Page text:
Believe might be earnest to a fault, but it’s hard to totally knock a movie so eager to please.
With his business suffering and his workers threatening to strike, Matthew Peyton (Ryan O’Quinn) is at a financial crossroads. Worse, he’s getting a ton of flak for implying he won’t be able to host the annual Christmas pageant.
The townsfolk of Grundy have long forgotten ‘the reason for the season’ as they see the pageant more as a huge moneymaker for local vendors. Their dismissive attitude towards Matthew’s plight only serves to fuel his frustration. And worst, Matthew becomes resentful of the helpful advice from his best friend, Nancy (Shawnee Smith, Saw VI).
But after encountering Sharon (Danielle Nicolet, The Flash) and son, CJ (Issac Ryan Brown), Matthew begins to consider a greater purpose for his life. Sharon and CJ might not have heat, beds or their own bathroom, but they’ve got each other and a never failing belief that things will get better.
O’Quinn is a regular bit player in film and TV with his roles frequently identified by status like Russian prisoner, World Cup announcer or Preppy Guy. While he might not be headlining 2018 blockbusters, O’Quinn does a solid job in the spotlight making Matthew a likeable and redeemable character.
Brown amps up the precociousness and youthful exuberance to their breaking point for much of the movie. He plays CJ a little too ‘on’ as if he’s on a steady diet of Red Bulls and Frosted Flakes. CJ straddles the delicate line of being cute and annoyingly obnoxious. Nicolet and Smith provide necessary and steadying presences for the film while Kevin Sizemore and David DeLuise make for convincing, if not aggressively obvious bad guys.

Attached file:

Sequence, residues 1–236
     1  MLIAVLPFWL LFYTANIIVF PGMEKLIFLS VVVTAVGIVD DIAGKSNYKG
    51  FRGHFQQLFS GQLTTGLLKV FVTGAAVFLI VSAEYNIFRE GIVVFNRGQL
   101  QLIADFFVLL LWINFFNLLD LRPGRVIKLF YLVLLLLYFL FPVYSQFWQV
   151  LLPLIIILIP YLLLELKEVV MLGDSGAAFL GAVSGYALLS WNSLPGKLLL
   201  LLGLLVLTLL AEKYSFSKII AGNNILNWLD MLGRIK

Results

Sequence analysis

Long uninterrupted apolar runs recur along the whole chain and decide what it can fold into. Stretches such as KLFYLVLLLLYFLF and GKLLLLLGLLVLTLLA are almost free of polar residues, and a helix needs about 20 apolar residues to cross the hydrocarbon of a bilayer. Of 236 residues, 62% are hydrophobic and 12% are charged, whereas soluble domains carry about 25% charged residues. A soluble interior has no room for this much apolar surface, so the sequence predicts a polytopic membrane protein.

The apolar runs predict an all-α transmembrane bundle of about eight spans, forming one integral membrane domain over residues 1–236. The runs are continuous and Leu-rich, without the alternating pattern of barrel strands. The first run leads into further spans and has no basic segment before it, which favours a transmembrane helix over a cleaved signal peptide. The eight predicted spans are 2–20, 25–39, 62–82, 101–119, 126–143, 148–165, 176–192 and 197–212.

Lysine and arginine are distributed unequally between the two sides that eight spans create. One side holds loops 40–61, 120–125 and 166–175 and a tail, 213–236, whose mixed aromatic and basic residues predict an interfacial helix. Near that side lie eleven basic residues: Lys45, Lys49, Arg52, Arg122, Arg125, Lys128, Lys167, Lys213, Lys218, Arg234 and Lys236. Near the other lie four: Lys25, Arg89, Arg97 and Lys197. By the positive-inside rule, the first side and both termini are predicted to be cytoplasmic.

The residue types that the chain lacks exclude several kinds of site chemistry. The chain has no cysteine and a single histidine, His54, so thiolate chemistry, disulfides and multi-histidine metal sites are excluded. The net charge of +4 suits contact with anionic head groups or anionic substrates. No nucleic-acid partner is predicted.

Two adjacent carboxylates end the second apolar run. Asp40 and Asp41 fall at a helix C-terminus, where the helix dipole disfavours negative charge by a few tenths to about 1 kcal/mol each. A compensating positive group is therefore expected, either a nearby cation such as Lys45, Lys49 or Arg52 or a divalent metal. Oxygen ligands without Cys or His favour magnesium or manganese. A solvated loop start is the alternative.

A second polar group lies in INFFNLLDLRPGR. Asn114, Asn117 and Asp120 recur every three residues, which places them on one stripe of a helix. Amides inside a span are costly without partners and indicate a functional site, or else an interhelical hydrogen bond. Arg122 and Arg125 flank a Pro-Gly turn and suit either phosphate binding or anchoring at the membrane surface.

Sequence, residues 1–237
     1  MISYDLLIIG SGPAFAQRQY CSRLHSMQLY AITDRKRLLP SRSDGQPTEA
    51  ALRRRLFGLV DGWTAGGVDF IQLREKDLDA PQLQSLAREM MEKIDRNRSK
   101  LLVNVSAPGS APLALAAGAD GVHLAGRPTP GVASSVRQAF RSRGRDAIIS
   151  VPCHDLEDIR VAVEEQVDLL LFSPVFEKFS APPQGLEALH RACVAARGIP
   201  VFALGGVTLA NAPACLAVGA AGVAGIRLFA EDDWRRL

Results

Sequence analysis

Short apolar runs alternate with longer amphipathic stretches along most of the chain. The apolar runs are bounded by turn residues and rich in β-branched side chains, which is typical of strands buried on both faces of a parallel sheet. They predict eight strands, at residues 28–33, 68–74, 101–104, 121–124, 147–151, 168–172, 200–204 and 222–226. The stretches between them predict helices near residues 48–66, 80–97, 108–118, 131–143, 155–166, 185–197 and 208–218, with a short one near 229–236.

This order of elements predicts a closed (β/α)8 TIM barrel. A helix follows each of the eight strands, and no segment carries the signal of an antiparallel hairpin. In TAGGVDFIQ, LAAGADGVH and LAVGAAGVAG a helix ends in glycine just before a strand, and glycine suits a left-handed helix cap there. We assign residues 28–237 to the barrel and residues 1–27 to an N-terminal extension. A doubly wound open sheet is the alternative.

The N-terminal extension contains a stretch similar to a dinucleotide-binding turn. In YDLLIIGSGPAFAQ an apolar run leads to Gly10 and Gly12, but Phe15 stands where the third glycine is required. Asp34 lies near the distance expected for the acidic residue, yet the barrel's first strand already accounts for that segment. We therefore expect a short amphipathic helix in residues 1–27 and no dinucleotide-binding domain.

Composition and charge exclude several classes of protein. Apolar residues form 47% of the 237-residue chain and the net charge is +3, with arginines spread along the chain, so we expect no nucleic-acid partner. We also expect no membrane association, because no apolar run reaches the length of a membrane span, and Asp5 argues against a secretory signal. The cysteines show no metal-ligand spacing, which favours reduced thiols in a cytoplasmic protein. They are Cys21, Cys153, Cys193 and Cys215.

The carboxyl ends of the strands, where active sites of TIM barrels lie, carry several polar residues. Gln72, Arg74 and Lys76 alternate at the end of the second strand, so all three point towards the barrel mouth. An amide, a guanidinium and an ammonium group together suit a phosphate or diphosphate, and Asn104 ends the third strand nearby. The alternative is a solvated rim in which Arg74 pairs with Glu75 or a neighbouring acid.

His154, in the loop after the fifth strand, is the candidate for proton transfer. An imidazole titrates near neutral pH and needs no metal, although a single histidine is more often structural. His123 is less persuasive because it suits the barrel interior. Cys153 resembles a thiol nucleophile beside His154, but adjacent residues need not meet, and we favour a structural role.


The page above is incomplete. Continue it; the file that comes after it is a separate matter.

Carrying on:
Director/Writer Billy Dickson makes a respectable feature film debut. Dickson previously directed episodes of Ally McBeal, Majors & Minors and One Tree Hill in addition to his longtime cinematography career. While some plot developments are telegraphed early on, Dickson does work in some unexpected twists along the way. The film had a $3.5 million budget, but Dickson does a credible job of not making it look like it was done on the cheap.
Dickson’s cinematography background proves invaluable in capturing the depressed atmosphere of small town U.S.A. where hope fades a little more with each factory closure. Dickson’s script has an overly simplistic view of faith and hope. It suggests faith is a matter of believing really, really hard and good things will happen.
Believe doesn’t shy away from mentioning Jesus Christ and Sharon dutifully reads her Bible, but Dickson doesn’t fully commit to a full-fledged Christian movie. That starts to become an issue as the film progresses as Believe plays out like an inspirational movie without crediting the inspiration. And the bad guys’ overly complicated is almost too sloppy and outright desperate in the final act to be taking seriously.
Despite those narrative stumbles, Believe is enjoyable. For audiences willing to shelve their cynicism even temporarily, Believe is worthy of a good faith viewing.
Rating: 6.5 out of 10
Photo Credit: Power of 3